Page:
Having told The New York Times in late May that “[m]usic is a universal language that is meant to unify audiences in peace and love, and that is the spirit of our show,” Alicia Keys on July 4th entertained a sold-out crowd of fans at the Nokia Stadim in Tel Aviv. Keys had been under pressure to cancel her show by partisans from the so-called Boycott, Divestment and Sanctions (BDS) movement, who seek to isolate Israel economically and culturally.
Keys was true to her word and performed last week without incident.
Light on choreography but heavy on charisma, the show, part of her “Set the World on Fire” tour, included beloved hits like “Fallin’” and “Unbreakable,” as well as lesser-known, newer fare like “Brand New Me” and “Tears Always Win.”
Concertgoers had been told a special guest would be joining Keys on stage, and roared with delight when Idan Raichel, the wildly popular Israeli world-music maven, joined her on stage for a one-song mash-up of her “Fallin’” with his chart-busting hit “Mi’ma’amakim.”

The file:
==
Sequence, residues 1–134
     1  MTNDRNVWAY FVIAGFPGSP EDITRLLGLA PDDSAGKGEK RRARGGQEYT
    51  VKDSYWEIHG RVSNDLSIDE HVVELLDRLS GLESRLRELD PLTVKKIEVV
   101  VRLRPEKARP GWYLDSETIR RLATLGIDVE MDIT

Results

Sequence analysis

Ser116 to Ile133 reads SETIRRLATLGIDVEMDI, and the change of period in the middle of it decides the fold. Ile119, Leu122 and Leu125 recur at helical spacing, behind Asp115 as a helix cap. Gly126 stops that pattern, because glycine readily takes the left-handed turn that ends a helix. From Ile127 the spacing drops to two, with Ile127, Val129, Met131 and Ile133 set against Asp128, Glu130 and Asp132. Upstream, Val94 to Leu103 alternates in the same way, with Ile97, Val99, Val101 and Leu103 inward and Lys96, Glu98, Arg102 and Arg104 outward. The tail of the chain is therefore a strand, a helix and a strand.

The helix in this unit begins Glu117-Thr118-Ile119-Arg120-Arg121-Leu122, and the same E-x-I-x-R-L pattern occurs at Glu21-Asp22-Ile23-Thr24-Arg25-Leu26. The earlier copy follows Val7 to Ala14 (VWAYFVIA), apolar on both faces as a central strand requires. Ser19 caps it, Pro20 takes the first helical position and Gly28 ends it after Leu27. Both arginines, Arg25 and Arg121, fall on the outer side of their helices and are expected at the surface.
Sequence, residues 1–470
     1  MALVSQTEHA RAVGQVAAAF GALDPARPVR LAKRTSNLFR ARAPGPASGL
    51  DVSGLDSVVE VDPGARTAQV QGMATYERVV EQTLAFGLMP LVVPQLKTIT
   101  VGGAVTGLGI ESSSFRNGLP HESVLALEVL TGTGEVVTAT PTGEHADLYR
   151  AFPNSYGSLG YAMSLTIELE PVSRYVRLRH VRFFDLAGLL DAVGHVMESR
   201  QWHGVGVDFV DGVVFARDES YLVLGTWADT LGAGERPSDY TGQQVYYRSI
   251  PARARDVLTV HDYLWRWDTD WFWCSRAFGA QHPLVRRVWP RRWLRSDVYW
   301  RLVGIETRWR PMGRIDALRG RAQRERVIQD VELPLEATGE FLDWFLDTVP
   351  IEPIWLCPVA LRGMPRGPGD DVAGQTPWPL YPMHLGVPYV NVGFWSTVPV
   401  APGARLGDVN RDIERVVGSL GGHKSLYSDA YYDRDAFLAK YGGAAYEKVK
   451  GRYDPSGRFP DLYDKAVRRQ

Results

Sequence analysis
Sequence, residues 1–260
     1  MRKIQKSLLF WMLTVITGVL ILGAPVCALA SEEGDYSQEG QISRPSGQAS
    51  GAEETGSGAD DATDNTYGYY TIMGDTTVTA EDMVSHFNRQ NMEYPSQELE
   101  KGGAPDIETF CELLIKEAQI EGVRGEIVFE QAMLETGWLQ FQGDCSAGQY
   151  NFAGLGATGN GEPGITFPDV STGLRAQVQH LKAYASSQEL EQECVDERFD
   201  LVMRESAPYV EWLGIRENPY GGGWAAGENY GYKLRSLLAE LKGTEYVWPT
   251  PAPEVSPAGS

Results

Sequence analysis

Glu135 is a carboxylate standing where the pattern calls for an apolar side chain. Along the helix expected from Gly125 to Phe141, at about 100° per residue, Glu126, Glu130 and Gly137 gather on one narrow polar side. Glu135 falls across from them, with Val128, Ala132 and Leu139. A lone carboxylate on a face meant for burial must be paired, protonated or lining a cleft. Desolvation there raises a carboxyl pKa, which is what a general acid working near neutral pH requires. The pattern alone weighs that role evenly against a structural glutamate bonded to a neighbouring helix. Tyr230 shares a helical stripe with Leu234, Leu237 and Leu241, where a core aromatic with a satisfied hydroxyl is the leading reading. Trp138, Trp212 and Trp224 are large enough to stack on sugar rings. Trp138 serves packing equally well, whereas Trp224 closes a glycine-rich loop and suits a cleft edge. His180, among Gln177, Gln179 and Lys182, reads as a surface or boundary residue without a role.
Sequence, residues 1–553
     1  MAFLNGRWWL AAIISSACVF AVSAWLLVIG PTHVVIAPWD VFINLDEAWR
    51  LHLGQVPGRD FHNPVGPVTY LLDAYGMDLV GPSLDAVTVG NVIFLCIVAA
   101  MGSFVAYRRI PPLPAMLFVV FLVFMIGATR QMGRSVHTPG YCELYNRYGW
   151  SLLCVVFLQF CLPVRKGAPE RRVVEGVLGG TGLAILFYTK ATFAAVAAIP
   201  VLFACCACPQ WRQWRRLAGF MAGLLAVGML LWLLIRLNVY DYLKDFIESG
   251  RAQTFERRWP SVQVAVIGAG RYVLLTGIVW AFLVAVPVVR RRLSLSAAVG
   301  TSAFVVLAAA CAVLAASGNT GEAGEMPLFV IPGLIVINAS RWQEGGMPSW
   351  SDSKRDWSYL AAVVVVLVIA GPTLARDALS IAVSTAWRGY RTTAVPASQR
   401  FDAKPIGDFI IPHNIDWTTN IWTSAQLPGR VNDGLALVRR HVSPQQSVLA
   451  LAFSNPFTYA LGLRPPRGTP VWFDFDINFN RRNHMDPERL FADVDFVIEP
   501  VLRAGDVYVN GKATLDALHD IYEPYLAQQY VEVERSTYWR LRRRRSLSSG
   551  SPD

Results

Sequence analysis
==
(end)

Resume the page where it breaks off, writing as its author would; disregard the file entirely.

Other artists who have been pressured to cancel shows in Israel have been less kind in rebuking anti-Israel partisans, most pointedly and recently the Pet Shop Boys.
Keys’ concert is likely to reinforce analysis, voiced by among others National Post Managing Editor for Comment Jonathan Kay, to the effect that efforts to economically and culturally suffocate Israel have accomplished “less than nothing.”
Last week top U.S. universities dispatched presidents and chancellors to promote academic exchanges, at the same time that in the United States investors launched a new index fund based on Israeli companies.
In May the U.K. and Israel inked a landmark accord promoting scientific and academic cooperation, while the Jewish state hosted an innovation summit focusing on unique Israeli solutions to technological challenges in Asia.